11 Dec 1987 Zaragoza Barracks bombing 11 killed, 88 injured[19] ETA
29 May 1991 Vic bombing 10 killed, 44 injured[20][21] ETA
11 Mar 2004 Madrid train bombings 192 killed, 2,050 injured[22][23] Al-Qaeda
17–18 Aug 2017 2017 Barcelona attacks 24 killed (inc. 8 perps.), 152 injured[24][25] Islamic State (suspected)

See alsoEdit


  1. ^ Casanova, Julián (2005). "Terror and Violence: The Dark Face of Spanish Anarchism". International Labor and Working-Class History (67): 82. doi:10.1017/s0147547905000098 .
  2. ^ Casanova 2005, p. 85.
  3. ^ Casanova 2005, p. 84.
  4. ^ Casanova 2005, pp. 86–87.
  5. ^ Calvo Prat, David Manuel (2019). "Francisco Ascaso y Los Solidarios: una acción continuada". Aportes. XXXIV (99): 151–192. ISSN 0213-5868.
  6. ^ "Datos significativos del conflicto vasco, 1968-2003". Eusko News (in Spanish). Retrieved 2010-09-19.
  7. ^ Núñez, Javier (21 February 2010). "Verdad eclipsada ('Eclipsed truth')" (in Spanish). Deia. Archived from the original on 2 January 2013. Retrieved 23 October 2011.
  8. ^ Transición y represión política. Juan Manuel Olarieta Alberdi, Revista de estudios políticos, ISSN 0048-7694, Nº 70, 1990, pages 225-262
  9. ^ País, Ediciones El (21 March 2010). "Reportaje - Las otras víctimas". Retrieved 25 August 2017.
  10. ^ Las otras víctimas de una transición nada pacífica. Gonzalo Wilhelmi. Universidad Autónoma de Madrid.
  11. ^ a b "Terrorism in Barcelona and Its Impact on Spanish Politics 1904-1909", by J. Romero Maura, Past & Present 1968, 41:130-183
  12. ^ Chaliand, Gérard; Blin, Arnaud (August 2007). The History of Terrorism: From Antiquity to Al Qaeda. University of California Press. ISBN 9780520247093.
  13. ^ Ediciones El País. "Atentado de la calle del Correo: un caso similar todavía no aclarado, El Pais, 27 May 1979". EL PAÍS. Retrieved 14 January 2017.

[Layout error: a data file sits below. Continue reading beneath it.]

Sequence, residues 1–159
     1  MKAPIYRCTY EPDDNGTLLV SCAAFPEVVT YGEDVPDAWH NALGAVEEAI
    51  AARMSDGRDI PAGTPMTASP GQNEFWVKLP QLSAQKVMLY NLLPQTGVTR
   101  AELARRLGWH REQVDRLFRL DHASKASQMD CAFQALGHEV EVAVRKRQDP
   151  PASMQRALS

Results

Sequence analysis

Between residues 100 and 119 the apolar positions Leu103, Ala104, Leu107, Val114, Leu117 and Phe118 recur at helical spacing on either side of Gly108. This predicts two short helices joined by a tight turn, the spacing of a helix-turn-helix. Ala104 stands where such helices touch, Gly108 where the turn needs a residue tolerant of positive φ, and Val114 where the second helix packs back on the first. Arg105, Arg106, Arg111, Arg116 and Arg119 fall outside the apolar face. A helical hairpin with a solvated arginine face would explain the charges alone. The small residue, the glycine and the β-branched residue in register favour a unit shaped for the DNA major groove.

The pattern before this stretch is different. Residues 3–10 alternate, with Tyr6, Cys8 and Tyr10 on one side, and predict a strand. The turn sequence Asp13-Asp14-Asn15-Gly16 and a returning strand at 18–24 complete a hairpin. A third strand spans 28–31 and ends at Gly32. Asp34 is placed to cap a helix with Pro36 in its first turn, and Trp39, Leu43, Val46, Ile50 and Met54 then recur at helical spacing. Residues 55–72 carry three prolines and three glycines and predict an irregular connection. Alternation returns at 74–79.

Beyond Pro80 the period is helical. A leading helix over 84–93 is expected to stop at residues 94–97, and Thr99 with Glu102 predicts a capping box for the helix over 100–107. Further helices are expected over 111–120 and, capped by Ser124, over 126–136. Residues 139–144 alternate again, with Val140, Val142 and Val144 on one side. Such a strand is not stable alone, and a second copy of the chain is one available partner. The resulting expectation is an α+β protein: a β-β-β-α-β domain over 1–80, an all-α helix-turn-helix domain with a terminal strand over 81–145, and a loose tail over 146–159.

14. ^ "Civil Guard website listing the Civil Guard retired high rank member died in the fire as an ETA victim". Archived from the original on 2008-06-07.
  15. ^ Aizpeolea, Luis R. (18 April 2010). "El atentado terrorista más olvidado". El País.
  16. ^ "Al-Qaeda suspect linked to 1985 Madrid bombing". Retrieved 14 January 2017.
  17. ^ 25 años del atentado de la plaza de la República Dominicana, El Diario Montanes, 14 January 2017
  18. ^ "Bomb explodes in Barcelona". Los Angeles Times. 19 June 1987. Retrieved 2017-01-14.
  19. ^ El País: Zaragoza: cinco ataúdes blancos 2 August 2009 accessed 14 January 2017
  20. ^ "Timeline: Major ETA Attacks in Spain". Associated Press. 2015-03-25. Retrieved 2019-05-25.
  21. ^ (2009-06-13). "Vic (Barcelona) recordará hoy a las víctimas del atentado de ETA en su casa cuartel -". (in Spanish). Retrieved 2019-05-25.
  22. ^ " Documento: Auto del 11-M".
  23. ^ ZoomNews (in spanish) Archived 2015-03-15 at the Wayback Machine. The 192nd victim (Laura Vega) died in 2014, after a decade in coma in a hospital of Madrid. She was the last hospitalized injured person.
  24. ^ "Barcelona attack: Suspected van driver shot dead by police". BBC. 21 August 2017. Retrieved 21 August 2017.
  25. ^ Burgen, Stephen. "Spanish attacks death toll rises to 16 after woman dies in hospital". The Guardian. Retrieved 30 August 2017.